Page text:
Wednesday, January 27, 2016

A Lesson Learned from Prostrations

(Sometime last year I posted a list of 55 Precepts for Christian Living by Fr. Thomas Hopko. I have seen the list circulated quite a bit since then and I recently came across the suggestion of journaling through each item on the list. I thought that was a wonderful suggestion and, as I considered doing it, I decided that I'd like to share some of my thoughts here.)



5. Repeat a short prayer when your mind is not occupied. I think my first post in this little series covers this one pretty well too.

6. Make some prostrations when you pray.

I firmly believe that when we do right actions, even without full understanding, we can slowly change our hearts and eventually bring about right understanding. I experienced this in a profound way not long ago, while doing prostrations during prayer.

With a house full of children all currently under the age of 10, mothering can get pretty tough some days. Opportunities for strife and contention abound, and it's impossible extremely difficult to get through a day without at least once doing or saying something I ought not to have done or said.

This particular time happened to be pretty bad, to put it mildly. I was frustrated, ashamed and had a strong urge to just crawl back into bed and hope that tomorrow would be better. Except I couldn't do that, because it was 9a.m. and we were about to start our school work, which we always open with Morning Prayers.

I did not feel like praying. I felt like I had no business to be praying after the way the morning was going so far. But we started anyway. It was Lent and we were saying the prayer of St. Ephraim the Syrian.
O Lord and Master of my life,
Take from me the spirit of sloth, faintheartedness, lust of power and idle talk;
 (prostration)
We all bowed down to the ground on our knees. ("Yes, I need to be on my face on the ground. I can't even look my children in the eye right now.") We all got back up.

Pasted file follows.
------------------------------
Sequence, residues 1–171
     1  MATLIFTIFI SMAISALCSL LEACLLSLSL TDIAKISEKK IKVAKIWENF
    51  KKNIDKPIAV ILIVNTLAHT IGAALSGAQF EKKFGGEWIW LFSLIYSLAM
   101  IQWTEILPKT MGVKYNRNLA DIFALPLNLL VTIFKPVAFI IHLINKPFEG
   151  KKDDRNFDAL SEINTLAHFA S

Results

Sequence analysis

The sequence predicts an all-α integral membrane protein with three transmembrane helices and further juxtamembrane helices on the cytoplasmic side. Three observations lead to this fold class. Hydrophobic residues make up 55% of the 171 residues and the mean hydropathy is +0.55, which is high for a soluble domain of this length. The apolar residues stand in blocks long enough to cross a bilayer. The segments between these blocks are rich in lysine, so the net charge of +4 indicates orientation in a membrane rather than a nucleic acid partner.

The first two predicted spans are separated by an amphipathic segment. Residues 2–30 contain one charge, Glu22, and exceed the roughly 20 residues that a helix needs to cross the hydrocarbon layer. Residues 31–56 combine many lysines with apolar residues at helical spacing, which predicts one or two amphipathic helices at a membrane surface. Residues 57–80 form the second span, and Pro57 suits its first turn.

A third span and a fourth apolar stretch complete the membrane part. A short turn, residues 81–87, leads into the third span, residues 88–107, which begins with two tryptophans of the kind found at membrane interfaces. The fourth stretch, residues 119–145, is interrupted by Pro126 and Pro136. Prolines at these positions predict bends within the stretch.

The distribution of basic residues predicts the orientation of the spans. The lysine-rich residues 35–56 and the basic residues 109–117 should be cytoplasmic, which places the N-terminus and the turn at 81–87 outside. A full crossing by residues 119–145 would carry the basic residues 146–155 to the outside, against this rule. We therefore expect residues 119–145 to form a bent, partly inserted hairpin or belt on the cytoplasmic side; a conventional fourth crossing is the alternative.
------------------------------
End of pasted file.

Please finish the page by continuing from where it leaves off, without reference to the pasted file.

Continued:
But give rather the spirit of chastity, humility, patience and love to Your servant. (prostration)
We all bowed down again and got back up again.
Yea, O Lord and King, grant me to see my own sins and not to judge my brother,
For You are blessed unto ages of ages. Amen
(prostration).  
By the end of the third prostration, it had hit me. We get down, we bow down to the ground, in a posture of humiliation. We are poor, destitute and needy. We have nothing to offer, nothing we can call our own. We cry out for mercy, and then God raises us up. He answers our prayer. We have no business wallowing in the mud of our sins. We are to get up, dust ourselves off and try again. Always with His help, always by His grace. But He lifts us up and expects us to keep on going.

Prostrations are a physical reminder of grace and mercy. The actions of our body reflect the inner actions of our souls. We fall daily, we fall hourly, even by the minute sometimes. And every. single. time we must get back up, brush of the dirt and keep on going.

"One of the fathers was asked, "What do you do all day in the monastery?" He replied, "We fall down and get up; fall down and get up; fall down and get up again." 




 
 

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